When Margaret Atwood picked up the story of Penelope and Odysseus, she kept all the familiar ideas, and yet - it is an entirely modern vision, and a modern voice speaking. She looks beyond the famous stars of the narrative: Helen, Odysseus, Agamemnon, Menelaus, Penelope, and lets a chorus line of maids have their say. She retells the story of their harsh lives, of their vulnerability.
Get Full Essay Get access to this section to get all help you need with your essay and educational issues. The novel is set in Ancient Greek society where particularly women and lower-classes were severely subjugated and silenced.
Atwood critically evaluates this patriarchal world through eyes of women. The Penelopiad has successfully empowered those who were once marginalized through the employment of two literary agents: The subversion of this Grand Narrative results in the undercutting of the greater perspective and presenting it in an unusual manner.
The perspective in which the story is narrated has shifted from the phallocentric heroes of The Odyssey to the domestic personal perspective of Penelope and her maids. The reader is thus exposed to an alternate perspective which is seldom heard in both society and literature. Through death, Penelope and her maids have escaped the social conventions which previously smothered their voice and importance, and are free to express themselves without retribution.
As a tribute to Ancient Greek Drama, Atwood uses the twelve maids as a chorus strategically placed at pivotal points of the novel, for the maids to comment on. The chorus is a structural tool in which Atwood gives the silenced maids an opportunity to voice their opinions. The frequently critical and mocking nature of the maids further undermines the glorifications of the Grand Narrative and promotes the voice of the marginalized.
Penelope uses colloquial language which engages directly with the reader in a spontaneous and relaxed tone. It highlights her reflective and honest perspective — unrestricted by social boundaries. Her writing resembles a post-modern Stream of Consciousness where the narrator openly communicates with the audience.
Following a subversion of the grand narrative, the Penelopiad has transcended into a feminist text. Many women of the modern world can relate to this issue. The feminist theory in literature opposes the patronizing image of women created by male writers and calls upon women to reclaim their gender.
Atwood empowers Penelope and the Maids to seize control and retell their own story and create their own life, as opposed to submitting to the male version. The Penelopiad challenges the traditional notion that women are less capable than men. Throughout the novel, the glorified schemes and plans created by men, who were originally thought to have fooled Penelope now states that she intentionally appeared to be unaware, to keep the men satisfied.
By demolishing the social barriers of conventional female suppression, the novel inspires readers and characters within the book to break their silence and seize control over their lives and opinions. The Penelopiad integrates the Feminist Theory in order to identify the historical and social structures of female submission and give voice to those would are silenced within and beyond the novel.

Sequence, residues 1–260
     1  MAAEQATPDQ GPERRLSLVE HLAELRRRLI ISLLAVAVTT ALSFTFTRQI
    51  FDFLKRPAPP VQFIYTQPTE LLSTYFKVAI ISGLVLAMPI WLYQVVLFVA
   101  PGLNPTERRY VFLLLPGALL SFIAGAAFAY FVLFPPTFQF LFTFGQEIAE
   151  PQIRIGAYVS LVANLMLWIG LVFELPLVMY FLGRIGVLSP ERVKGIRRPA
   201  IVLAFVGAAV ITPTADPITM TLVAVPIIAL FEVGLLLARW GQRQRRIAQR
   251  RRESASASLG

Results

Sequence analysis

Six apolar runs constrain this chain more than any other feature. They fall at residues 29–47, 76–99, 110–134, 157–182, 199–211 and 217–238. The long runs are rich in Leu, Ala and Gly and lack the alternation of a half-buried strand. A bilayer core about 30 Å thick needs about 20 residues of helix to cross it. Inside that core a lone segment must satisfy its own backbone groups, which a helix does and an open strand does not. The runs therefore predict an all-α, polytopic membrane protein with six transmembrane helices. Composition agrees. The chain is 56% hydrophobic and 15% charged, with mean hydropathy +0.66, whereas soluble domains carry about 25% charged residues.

Throughout the novel, Atwood empowered both characters and readers alike who were previously silenced. More essays like this:Perhaps most obviously, Atwood’s novel is closely intertwined with and based off of Homer’s The Odyssey, an ancient Greek epic poem that describes the Greek hero Odysseus’s long journey home after the Trojan War.
Odysseus’s journey was an oral myth long before Homer recorded it; however, Homer’s text is still considered to be the .
Penelope, Virtuous Wife of Odysseus. The Penelopiad: The Myth of Penelope and Odysseus, by Margaret Atwood; Question: How is Penelope a hero and what are the characteristics?
Based on penelope’s perspective, how is she different from how the epic portrays her? what do you think of penelope’s character in the preceding story? 4. What. The Penelopiad is thus a subversion of Homer’s narrative ‘The Odyssey’ and Atwood revamps his story in several ways.
The perspective in which the story is narrated has shifted from the phallocentric heroes of The Odyssey to the domestic personal perspective of Penelope and her maids. Analysis of Chapter 1 of the Penelopiad (Margaret Atwood) Analysis of Chapter 1 of ‘The Penelopiad’ (Margaret Atwood) The Penelopiad is, first and foremost, is a feminist perspective of events that unfolded during The Odyssey.
It is from Penelope’s, the cousin to Helen of Troy, point of view- a violent and revisionist view of events that took place. The Penelopiad is a novella by Margaret Atwood. It was published in as part of the first set of books in the Canongate Myth Series where contemporary authors rewrite ancient myths.
In The Penelopiad, Penelope reminisces on the events of the Odyssey, life in Hades, Odysseus, Helen of Troy, and her relationships with her parents. A Greek . postmodernist tradition Margaret Atwood produces a hybrid of several genres: Penelope‟s first person narrative (19 out of 29 chapters), interspersed with the 10 chapters delivered by a chorus line of 12 maids (those hanged by .